To maximize health and wellness, children with an autism spectrum disorder (ASD) can greatly benefit from daily physical activity. However, some children do not readily engage in physical activity. Therefore, it is important to identify methods for increasing physical activity among children with ASD. We are currently conducting two studies related to this goal. 

Study 1 involves using heart rate measures to identify appropriate forms of physical activity to target during treatment.

Study 2 involves a treatment for increasing exercise that includes the following components alone or in combination:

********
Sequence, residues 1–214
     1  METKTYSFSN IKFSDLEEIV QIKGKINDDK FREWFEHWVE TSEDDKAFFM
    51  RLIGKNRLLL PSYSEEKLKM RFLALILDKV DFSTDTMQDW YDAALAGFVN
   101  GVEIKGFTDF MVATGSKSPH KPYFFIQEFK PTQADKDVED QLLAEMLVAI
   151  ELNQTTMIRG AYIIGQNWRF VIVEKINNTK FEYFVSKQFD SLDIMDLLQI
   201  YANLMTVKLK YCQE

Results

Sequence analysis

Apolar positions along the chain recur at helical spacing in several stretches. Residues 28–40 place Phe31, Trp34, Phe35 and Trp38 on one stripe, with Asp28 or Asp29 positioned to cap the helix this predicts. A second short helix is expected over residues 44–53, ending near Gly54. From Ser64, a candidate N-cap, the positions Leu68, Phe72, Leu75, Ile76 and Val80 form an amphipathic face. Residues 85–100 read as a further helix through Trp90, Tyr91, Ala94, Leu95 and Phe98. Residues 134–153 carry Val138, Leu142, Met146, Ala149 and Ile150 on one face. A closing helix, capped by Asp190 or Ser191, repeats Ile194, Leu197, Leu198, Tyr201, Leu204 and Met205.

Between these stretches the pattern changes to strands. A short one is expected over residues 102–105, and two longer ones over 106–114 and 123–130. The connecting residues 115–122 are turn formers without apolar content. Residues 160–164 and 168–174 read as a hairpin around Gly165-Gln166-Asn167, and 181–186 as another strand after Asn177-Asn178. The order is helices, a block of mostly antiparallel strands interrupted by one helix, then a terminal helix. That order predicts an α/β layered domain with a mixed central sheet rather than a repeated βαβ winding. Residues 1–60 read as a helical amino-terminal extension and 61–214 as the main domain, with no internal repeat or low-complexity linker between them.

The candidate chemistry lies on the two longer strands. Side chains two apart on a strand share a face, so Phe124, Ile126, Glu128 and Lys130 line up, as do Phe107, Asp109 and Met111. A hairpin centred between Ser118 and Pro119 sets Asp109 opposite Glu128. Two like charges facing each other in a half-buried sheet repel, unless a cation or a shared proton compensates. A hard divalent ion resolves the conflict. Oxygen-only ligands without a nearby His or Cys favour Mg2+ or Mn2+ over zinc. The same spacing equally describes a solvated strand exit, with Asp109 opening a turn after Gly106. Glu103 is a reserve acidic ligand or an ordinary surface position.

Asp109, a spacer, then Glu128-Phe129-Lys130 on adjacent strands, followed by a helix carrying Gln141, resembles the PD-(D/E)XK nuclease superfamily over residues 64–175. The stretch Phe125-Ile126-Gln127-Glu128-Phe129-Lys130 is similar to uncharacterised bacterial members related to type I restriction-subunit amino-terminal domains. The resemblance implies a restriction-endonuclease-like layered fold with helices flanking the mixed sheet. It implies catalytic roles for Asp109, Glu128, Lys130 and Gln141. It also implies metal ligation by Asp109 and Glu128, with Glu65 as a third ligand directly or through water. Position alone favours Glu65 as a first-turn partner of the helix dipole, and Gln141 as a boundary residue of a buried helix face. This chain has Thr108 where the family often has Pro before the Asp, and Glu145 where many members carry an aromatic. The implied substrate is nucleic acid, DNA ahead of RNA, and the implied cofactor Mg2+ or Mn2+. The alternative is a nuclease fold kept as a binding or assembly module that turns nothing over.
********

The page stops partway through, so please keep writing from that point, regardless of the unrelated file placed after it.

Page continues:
• prompting,
  • non-contingent reinforcement (NCR), and
  • differential reinforcement.

Additionally, a preference assessment of physical activities will be conducted before and after treatment to determine whether participants select one activity over another and if their selections remain consistent following treatment. The expected benefit of these studies is that appropriate forms of exercise can be identified and their levels of activity engagement increased to meet their individual fitness goals.